On the same day young people were brutally attacked, a quarter of a million did something amazing

Crowd of young people
Bex Sumner

On 22 May, a suicide bomber murdered at least 22 people and injured 59 at an Ariana Grande concert in Manchester. One aspect of the attack has horrified the country above all else: that, in his attempt to sow hate, division and fear, he targeted young people and children.

But on the very same day, young people showed their commitment to a very different vision of society – a much more hopeful one. Almost a quarter of a million under-25s signed up to take part in democracy by registering to vote in a single day. It was part of a dramatic surge in voter registrations that has seen more than half a million under-25s sign up to vote during the week before registration closed on 22 May:

Chart showing voter registration ahead of the 2017 general election

And it wasn’t just the under-25s. Around 207,000 25-to-34-year-olds also signed up to vote on 22 May, compared to just 11,000 over-65s. In all, 622,000 people registered on the day of the deadline – a far higher figure than during Brexit or the 2015 general election.

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A long decline

As The Canary has previously reported, only 43% of those under 25 voted in 2015 – compared to 78% of those over 65. In fact, voting turnout among young people has been in decline for decades now, dropping from 63% to 38% between 1992 and 2005.

And while not everyone who registered will actually vote, this latest surge in registrations is a hopeful sign for those who want a thriving democracy built on an engaged electorate.

A welcome change

Young people, of course, are far more likely to vote Labour than Conservative. In fact, a recent YouGov poll of nearly 13,000 people put Labour a full 19 percentage points ahead among 18-to-24-year-olds, as The Canary has reported. And recent YouGov polling shows that, if it were down to the under-50s, Jeremy Corbyn would comfortably win the election:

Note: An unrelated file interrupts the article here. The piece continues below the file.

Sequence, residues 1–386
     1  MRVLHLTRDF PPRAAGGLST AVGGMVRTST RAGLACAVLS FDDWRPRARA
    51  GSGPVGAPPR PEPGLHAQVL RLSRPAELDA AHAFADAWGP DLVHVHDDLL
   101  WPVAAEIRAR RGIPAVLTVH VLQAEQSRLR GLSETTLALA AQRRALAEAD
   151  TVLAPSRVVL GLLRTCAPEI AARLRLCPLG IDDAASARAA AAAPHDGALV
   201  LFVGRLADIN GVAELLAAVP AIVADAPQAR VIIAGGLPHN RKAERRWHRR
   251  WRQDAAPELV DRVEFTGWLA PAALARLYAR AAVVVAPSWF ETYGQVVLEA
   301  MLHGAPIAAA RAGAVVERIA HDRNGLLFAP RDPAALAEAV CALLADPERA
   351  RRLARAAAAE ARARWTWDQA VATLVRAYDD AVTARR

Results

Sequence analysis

YouGov chart showing voting intentions by age

But no matter who young people vote for, any increase in youth participation in the political system should be welcomed with open arms. A functioning democracy depends on informed consent from all parts of society – whether rich or poor, young or old.

More democracy, more humanity

In 2011, extremist Anders Breivik murdered 77 people in Norway, the majority of them children and teenagers. After that devastating attack, Norway’s Prime Minister Jens Stoltenberg said:

We are still shocked by what has happened, but we will never give up our values. Our response is more democracy, more openness, and more humanity.

His words struck a chord with Norwegians and people around the world. The most defiant response to hate, division and fear, he suggests, is not more hate, division and fear, but the very opposite. More humanity, more unity, more hope, more democracy. Today, the people of Manchester are demonstrating that spirit in droves. And the targets of the attack – mostly young people – seem to be doing the same.

Get Involved!

– Those who are concerned about loved ones or anyone who may have been in the area at the time of the attack can call this emergency number: 0800 096 0095.

– For more coverage on the attack, see here.

Featured image via Flickr

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